“The Sell Sider” is a column written by the sell side of the digital media community.
Today’s column is written by Manny Puentes, chief technology officer at Altitude Digital.
Google recently announced that its popular Chrome browser, at nearly half of the worldwide browser market, will soon “intelligently pause” any Flash content not central to the page. While this update is intended to be a battery saver for laptops, publishers are rightfully concerned about the impact it will have on their video revenue streams.
A lot of speculation and conjecture has loomed around this change. A common misunderstanding is that Chrome will block Flash all together. Based on information shared on the official Google Chrome blog, this isn’t true – the browser will be “keeping central content (like a video) playing without interruption.” The change is meant to primarily pause animations nonessential to the page; in terms of video advertising inventory, this primarily will affect in-banner video that autoplays on the page load.
The potential negative impact on revenue is hard to quantify, and will vary based on the publisher's video strategy. Those running in-banner autoplay ads will be most affected, but all publishers can implement strategies to proactively reduce the impact on their revenue streams in both the short term and long term.
Understand The Flash-To-HTML5 Transition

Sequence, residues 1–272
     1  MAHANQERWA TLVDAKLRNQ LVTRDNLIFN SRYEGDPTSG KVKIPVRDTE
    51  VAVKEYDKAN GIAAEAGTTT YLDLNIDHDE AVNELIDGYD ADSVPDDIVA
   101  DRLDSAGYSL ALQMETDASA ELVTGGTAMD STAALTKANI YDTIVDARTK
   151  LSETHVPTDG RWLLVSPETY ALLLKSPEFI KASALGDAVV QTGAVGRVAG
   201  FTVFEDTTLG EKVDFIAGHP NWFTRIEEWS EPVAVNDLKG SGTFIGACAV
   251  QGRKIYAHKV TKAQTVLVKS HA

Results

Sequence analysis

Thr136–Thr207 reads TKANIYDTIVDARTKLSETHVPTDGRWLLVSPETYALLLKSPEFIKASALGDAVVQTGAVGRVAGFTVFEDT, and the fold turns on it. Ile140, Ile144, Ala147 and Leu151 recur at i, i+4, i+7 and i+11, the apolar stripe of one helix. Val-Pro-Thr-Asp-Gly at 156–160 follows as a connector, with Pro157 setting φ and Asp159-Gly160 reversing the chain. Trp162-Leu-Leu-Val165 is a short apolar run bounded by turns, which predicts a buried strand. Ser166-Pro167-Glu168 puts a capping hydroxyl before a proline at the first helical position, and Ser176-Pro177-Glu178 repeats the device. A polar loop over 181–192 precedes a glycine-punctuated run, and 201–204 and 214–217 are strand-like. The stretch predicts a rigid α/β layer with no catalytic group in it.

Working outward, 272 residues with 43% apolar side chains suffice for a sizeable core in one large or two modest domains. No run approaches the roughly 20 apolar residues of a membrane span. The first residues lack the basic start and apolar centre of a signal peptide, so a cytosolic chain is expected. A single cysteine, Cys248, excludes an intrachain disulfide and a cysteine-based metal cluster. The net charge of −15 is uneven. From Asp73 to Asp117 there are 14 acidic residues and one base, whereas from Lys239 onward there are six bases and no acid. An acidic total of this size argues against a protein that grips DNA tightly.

HTML5 is the future of video ad delivery, especially as the technology will be the primary delivery method on mobile devices. However, the majority of the buy side is still in the process of moving from Flash-based creative to HTML5-compliant creative, so the industry must treat this as a transition period.
Publishers need to seek and test player solutions that support HTML5 as the primary way to display video content and related advertising, but still support Flash as a fallback.
Focus On Large And Medium Player Inventory
In the shorter term, while evaluating different HTML5 solutions, publishers can still maintain their video revenue streams by focusing efforts around large and medium player inventory.
Based on early observations with the beta version of this Chrome release, expected to roll out this fall, this change is most likely to affect video smaller than 400 pixels in width. Larger video inventory, within a normal aspect ratio, should play as expected when a page loads.
Implement In-Content Players
Google was clear that this change is not meant to impact video players essential to the page. While there has been a focus on implementing outstream video players as an effort to scale video inventory, publishers shouldn’t lose sight of their in-content, in-stream players. Not only is this inventory particularly valuable to advertisers, these type of video players are likely to be treated as “essential to the page” and should run uninterrupted when Chrome pushes this feature change.
This change is no doubt pushing the industry in the right direction. HTML5 will be an essential part of the growth of mobile and video, but publishers shouldn’t feel pressured to pick the first HTML5 solution that comes along. By taking a holistic approach toward their video inventory and focusing on solutions that provide the best experience for users (Flash or no Flash), publishers will maximize the value of their web pages.